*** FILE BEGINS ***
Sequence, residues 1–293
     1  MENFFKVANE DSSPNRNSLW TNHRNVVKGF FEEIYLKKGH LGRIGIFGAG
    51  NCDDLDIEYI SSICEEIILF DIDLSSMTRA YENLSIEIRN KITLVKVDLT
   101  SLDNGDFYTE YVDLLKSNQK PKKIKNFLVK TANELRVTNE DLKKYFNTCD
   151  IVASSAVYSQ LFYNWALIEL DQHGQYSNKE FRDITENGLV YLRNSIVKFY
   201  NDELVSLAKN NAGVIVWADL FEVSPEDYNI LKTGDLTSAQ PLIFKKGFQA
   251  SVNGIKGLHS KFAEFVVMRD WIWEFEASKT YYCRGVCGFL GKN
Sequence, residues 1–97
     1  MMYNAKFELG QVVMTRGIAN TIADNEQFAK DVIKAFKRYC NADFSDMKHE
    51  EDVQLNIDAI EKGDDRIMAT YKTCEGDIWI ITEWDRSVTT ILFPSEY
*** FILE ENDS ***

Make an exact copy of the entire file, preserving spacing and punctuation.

Sequence, residues 1–293
     1  MENFFKVANE DSSPNRNSLW TNHRNVVKGF FEEIYLKKGH LGRIGIFGAG
    51  NCDDLDIEYI SSICEEIILF DIDLSSMTRA YENLSIEIRN KITLVKVDLT
   101  SLDNGDFYTE YVDLLKSNQK PKKIKNFLVK TANELRVTNE DLKKYFNTCD
   151  IVASSAVYSQ LFYNWALIEL DQHGQYSNKE FRDITENGLV YLRNSIVKFY
   201  NDELVSLAKN NAGVIVWADL FEVSPEDYNI LKTGDLTSAQ PLIFKKGFQA
   251  SVNGIKGLHS KFAEFVVMRD WIWEFEASKT YYCRGVCGFL GKN
Sequence, residues 1–97
     1  MMYNAKFELG QVVMTRGIAN TIADNEQFAK DVIKAFKRYC NADFSDMKHE
    51  EDVQLNIDAI EKGDDRIMAT YKTCEGDIWI ITEWDRSVTT ILFPSEY